Wolf Queen solves lots of the mysteries that were set up over Wolf Tower and Wolf Star and sends Claidi and Argul off on a happy ending, finishing up the Claidi Journals on a sweet, sentimental note—or, at least, that’s what the book wants me to think.
See, this isn’t actually the last Claidi book, though
it’s the last one I read. Lee wrote one more, though apparently wasn’t planning
to, based on the blurb for this book. I’m excited to read it to see what
happens, as that one will truly be a “blind” read for me. This book, Wolf Queen, wasn’t quite as jaw-dropping
as it should have been, since I’ve read it before and knew the big twist
already. However, it was nice to read it to see all the hints Lee dropped
Claidi’s voice is as delightful and unique as always,
and even though this book introduces some truly outrageous (in a good way, I
think) fantasy/sci-fi elements, her voice made everything somehow more
plausible and realistic. I wish it was explained more as to how, exactly, a lot
of the magic/technology works—we’ve got clockwork people, which I understand,
but then all there are also powerful items that operate on a “don’t pay too
much attention to the mechanics” level. Ustareth’s ring is one of those, of
course, and it did bother me a bit that there was no explanation as to how it
can do half of the things it did.
I wish each book didn’t hinge quite so much on “Claidi
gets taken places,” but, again, Claidi’s voice is so delightful that she could
probably stay in one room the whole book and it would still be interesting. These
books lack a bit of something that I
can’t really explain—they’re interesting, and I like them a lot, but they don’t
grip me like some books do. However, Claidi and Argul are adorable, and the
draw of the books is Claidi’s voice, not complexity of plot or stellar
worldbuilding. I can deal with that—and I’m looking forward to exploring Wolf Wing, the book I never read, and
seeing if Lee can surprise me.
The thing that stands out the most to me in The Claidi Journals is Claidi’s voice. The parentheses, the random asides, the subtle sarcasm and wit, all combine to make Claidi distinctive, unique, and memorable as a protagonist. And Lee is so good at following old tropes, and yet somehow making them new.
For example, in Wolf
Star, Claidi is kidnapped and taken to the mysterious Rise and must figure
out a way to escape. Although she never actively tries to run, her reasons for
why she doesn’t are relatable and make her more realistic as a protagonist.
Then, as she gets to know Venn and is intrigued by the mysteries of the moving
rooms and the clockwork servants, her curiosity is what makes her stay. And I
love the contrasts set up in this book: the contrast between Venn and Argul,
between Ustareth and Zeera, between Wolf Tower and the Rise, and even between
Claidi-before and Claidi-after.
Star is strange, and not much happens—it’s much more of a
character-focused novel, intent on exploring a particular backstory, than an
action-packed novel. There’s less excitement and movement than the first book,
yet this one has excellent pacing and worldbuilding to make up for it. The one
thing that jarred me was the revelation of Argul’s age—he doesn’t seem, and has
never seemed, like an eighteen-year-old. A strange thing to complain about, but
it caused a disconnect for me.
I can see not everyone liking these books. Wolf Star in particular seems framed for
a very specific audience; it’s a strange book in its flow and in its story. I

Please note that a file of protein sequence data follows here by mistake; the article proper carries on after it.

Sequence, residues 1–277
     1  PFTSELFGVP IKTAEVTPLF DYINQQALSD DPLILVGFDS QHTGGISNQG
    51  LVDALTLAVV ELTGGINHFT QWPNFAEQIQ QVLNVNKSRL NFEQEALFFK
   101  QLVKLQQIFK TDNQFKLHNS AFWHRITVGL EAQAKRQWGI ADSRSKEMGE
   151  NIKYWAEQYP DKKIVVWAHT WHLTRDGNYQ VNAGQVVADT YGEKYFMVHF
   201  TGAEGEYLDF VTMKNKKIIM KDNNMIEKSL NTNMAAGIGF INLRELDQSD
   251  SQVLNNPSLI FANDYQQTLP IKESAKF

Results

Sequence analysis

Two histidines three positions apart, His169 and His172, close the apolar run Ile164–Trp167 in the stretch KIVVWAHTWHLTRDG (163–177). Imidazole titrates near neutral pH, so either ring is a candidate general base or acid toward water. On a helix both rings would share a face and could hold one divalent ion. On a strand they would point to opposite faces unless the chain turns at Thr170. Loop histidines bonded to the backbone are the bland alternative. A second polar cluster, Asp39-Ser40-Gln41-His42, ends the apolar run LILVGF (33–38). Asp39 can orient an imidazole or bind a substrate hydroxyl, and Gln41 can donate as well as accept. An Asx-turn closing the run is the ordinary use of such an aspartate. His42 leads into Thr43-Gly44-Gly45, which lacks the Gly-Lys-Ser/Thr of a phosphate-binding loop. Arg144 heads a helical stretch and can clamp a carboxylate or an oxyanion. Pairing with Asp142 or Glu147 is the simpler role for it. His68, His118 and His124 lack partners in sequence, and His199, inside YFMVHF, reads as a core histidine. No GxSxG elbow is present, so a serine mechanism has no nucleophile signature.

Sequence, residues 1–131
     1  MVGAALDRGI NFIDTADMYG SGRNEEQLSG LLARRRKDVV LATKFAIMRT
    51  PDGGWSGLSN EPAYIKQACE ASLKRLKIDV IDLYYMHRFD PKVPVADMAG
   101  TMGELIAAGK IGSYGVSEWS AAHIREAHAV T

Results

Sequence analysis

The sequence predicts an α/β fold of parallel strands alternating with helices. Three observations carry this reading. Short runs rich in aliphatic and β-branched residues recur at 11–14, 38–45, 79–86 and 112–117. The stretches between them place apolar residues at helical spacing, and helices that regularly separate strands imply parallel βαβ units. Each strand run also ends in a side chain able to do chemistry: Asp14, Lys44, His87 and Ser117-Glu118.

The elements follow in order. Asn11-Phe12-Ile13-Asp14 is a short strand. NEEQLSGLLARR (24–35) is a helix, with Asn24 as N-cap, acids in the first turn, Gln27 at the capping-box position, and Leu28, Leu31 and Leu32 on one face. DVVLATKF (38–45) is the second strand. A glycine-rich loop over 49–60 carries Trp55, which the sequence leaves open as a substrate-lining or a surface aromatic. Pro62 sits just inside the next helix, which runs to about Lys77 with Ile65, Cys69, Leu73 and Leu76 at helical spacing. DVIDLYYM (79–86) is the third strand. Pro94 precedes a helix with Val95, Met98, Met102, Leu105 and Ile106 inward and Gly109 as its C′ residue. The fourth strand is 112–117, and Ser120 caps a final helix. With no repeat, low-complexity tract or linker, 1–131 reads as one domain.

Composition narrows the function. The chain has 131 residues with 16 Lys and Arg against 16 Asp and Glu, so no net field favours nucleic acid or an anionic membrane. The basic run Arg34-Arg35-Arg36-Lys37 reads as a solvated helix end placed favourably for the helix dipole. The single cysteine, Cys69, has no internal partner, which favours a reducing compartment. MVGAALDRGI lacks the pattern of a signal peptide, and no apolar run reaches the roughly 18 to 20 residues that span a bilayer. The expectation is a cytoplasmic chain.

loved it, but I enjoy books where the protagonist is witty, but not ridiculous;
brave, but not aggressive; faltering, but not bemoaning. Claidi is all of that
Wolf Tower, by Tanith Lee, was published in 1998 by Dutton.
I first read Tanith Lee’s Claidi Journals around ten years ago. Though my memories of the last three books have faded, except for the odd bits and pieces (including what’s probably an important plot point of the second book which has stuck with me), the first book has always been the one I remembered the most. Perhaps it’s because it’s one of the first books I read with a proper twist ending. Or maybe the fantasy was strong enough, memorable enough, to stay with me.
That being said, I did forget quite a bit. Claidi’s voice, for one. I love her character: brave, yearning for adventure and freedom, yet at times doubtful, hesitant, unsure. I love my characters with a dash of uncertainty—it makes them feel more realistic. And while for most of the book she’s more of an observer, soaking in all the new sights and sounds, she never feels passive. And towards the end, she becomes pretty fierce.
I also forgot various sights, sounds, and plot points. Though I’m not a huge fan of the world—big, empty, waste-y, with scattered villages and cities with different governing systems and no sense of scale—I did enjoy seeing it as Claidi saw it—as she is experiencing it for the first time just as we, the readers, are.
I don’t want to spoil too much, but I remember the plot twist blowing my teenage mind a bit when I read it. Now, of course, I spotted it much more easily and was able to enjoy the lead-up more. I also really like the idea of Claidi being torn between the dazzling stranger who rescued her and the stranger who takes his time to get to know her, as it seems pretty close to human nature: we feel indebted to the people who rescue us (I know Claidi rescued him, technically, but I don’t really mean “rescue” in the “saving” sense. More in the “opened up the world” sense), but we come across people who are more genuine and heartfelt, we feel torn because of our sense of loyalty to the first set of people.
Anyway, I enjoyed re-reading Wolf Tower very much. I’m looking forward to seeing how much of the other three books I actually remember, and how many plot points I know, and how surprised I will be if I don’t know them.